Environmental Protection Agency (EPA).
Idaho has applied to EPA for final authorization of certain changes to its hazardous waste program under the Resource Conservation and Recovery Act (RCRA). EPA has reviewed Idaho's application, has preliminarily determined that these changes satisfy all requirements needed to qualify for final authorization, and is proposing to authorize the state's changes.
Comments on this proposed rule must be received in writing by June 15, 2005.
Send written comments to Jeff Hunt, U.S. Environmental Protection Agency Region 10, Office of Waste and Chemicals (WCM-122), 1200 Sixth Ave., Seattle, Washington 98101, or via e-mail to firstname.lastname@example.org. You can view and copy Idaho's application during normal business hours at the following addresses: U.S. Environmental Protection Agency Region 10, Office of Waste and Chemicals, 1200 Sixth Ave., Seattle, Washington, contact: Jeff Hunt, phone number: (206) 553-0256; or Idaho Department of Environmental Quality, 1410 N. Hilton, Boise, Idaho, contact: John Brueck, phone number (208) 373-0458.Start Further Info
FOR FURTHER INFORMATION CONTACT:
Jeff Hunt, U.S. Environmental Protection Agency Region 10, Office of Waste and Chemicals (WCM-122), 1200 Sixth Ave., Seattle, Washington 98101, phone number: (206) 553-0256, e-mail: email@example.com.End Further Info End Preamble Start Supplemental Information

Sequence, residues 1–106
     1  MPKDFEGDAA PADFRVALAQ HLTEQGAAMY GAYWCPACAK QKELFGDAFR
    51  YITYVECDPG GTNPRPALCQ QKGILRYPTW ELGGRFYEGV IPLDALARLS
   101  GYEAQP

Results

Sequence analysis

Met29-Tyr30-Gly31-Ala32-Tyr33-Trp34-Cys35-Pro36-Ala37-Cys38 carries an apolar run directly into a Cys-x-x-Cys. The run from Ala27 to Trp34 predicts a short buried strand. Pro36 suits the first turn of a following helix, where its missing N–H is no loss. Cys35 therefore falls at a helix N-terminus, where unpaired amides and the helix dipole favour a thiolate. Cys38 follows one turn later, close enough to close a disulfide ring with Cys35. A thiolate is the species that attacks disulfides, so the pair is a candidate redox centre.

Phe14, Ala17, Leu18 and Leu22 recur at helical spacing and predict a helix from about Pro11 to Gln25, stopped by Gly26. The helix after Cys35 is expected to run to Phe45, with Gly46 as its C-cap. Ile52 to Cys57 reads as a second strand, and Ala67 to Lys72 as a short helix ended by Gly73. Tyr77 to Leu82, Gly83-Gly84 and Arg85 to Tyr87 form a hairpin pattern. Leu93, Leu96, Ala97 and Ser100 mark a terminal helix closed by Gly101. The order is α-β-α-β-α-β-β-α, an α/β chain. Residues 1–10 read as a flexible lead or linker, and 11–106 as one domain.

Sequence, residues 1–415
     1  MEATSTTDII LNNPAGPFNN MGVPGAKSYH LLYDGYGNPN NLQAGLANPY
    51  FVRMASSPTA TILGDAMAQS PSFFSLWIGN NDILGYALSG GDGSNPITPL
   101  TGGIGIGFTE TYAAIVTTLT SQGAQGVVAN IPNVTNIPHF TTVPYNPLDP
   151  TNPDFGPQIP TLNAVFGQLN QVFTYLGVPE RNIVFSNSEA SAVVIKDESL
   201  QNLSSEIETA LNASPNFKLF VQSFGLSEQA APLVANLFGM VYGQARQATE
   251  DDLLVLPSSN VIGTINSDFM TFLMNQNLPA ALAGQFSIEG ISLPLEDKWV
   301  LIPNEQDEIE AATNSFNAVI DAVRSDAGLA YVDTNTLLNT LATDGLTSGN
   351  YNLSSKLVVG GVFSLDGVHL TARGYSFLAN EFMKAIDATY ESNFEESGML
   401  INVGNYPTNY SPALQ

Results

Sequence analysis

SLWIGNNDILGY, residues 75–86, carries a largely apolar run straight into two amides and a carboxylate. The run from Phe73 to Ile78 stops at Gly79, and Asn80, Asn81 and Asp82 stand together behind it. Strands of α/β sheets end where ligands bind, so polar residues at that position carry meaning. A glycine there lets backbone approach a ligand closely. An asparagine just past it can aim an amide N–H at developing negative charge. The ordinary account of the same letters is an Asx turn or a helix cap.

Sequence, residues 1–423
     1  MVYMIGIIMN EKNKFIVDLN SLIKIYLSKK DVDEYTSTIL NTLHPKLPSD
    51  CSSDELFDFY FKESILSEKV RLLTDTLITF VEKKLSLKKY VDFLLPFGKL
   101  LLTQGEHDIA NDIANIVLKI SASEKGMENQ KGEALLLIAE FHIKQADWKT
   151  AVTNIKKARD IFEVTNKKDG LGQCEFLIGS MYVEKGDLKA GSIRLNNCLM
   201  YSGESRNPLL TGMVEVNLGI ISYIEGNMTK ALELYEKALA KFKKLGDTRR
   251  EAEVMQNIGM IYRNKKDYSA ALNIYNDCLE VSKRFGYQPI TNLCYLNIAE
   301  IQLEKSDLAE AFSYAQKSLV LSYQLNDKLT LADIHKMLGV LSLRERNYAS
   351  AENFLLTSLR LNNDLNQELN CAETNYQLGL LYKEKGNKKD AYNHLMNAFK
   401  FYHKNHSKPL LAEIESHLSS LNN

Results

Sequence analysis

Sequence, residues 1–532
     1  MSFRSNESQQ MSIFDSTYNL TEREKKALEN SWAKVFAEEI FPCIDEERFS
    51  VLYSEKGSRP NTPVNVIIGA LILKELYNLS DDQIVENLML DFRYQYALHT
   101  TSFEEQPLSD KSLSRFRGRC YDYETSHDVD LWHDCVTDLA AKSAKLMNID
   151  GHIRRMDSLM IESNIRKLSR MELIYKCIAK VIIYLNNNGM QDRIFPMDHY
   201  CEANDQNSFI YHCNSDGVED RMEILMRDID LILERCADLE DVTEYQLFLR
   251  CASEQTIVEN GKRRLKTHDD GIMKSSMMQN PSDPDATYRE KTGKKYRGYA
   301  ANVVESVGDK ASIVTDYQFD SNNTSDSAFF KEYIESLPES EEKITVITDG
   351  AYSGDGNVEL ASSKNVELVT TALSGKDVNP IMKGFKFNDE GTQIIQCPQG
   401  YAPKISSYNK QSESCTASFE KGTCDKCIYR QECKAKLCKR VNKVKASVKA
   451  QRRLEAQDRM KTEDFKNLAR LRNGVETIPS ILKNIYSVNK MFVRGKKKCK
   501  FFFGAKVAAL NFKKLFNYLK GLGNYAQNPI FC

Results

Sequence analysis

A. Why Are Revisions to State Programs Necessary?
States which have received final authorization from EPA under RCRA section 3006(b), 42 U.S.C. 6926(b), must maintain a hazardous waste program that is equivalent to, consistent with, and no less stringent than the Federal program. As the Federal program changes, states must change their programs and ask EPA to authorize the changes. Changes to state programs may be necessary when Federal or State statutory or regulatory authority is Start Printed Page 25799modified or when certain other changes occur. Most commonly, states must change their programs because of changes to EPA's regulations in 40 Code of Federal Regulations (CFR) parts 124, 260 through 266, 268, 270, 273 and 279.
B. What Decisions Have We Made in This Rule?
EPA has preliminarily determined that Idaho's application to revise its authorized program meets all of the statutory and regulatory requirements established by RCRA. Therefore, we are proposing to grant Idaho final authorization to operate its hazardous waste program with the changes described in the authorization application. Idaho will have responsibility for permitting Treatment, Storage, and Disposal Facilities (TSDFs) within its borders (except in Indian country) and for carrying out the aspects of the RCRA program described in its revised program application, subject to the limitations of the Hazardous and Solid Waste Amendments of 1984 (HSWA). New Federal requirements and prohibitions imposed by Federal regulations that EPA promulgates under the authority of HSWA take effect in authorized states before the states are authorized for the requirements. Thus, EPA will implement those requirements and prohibitions in Idaho, including issuing permits, until the State is granted authorization to do so.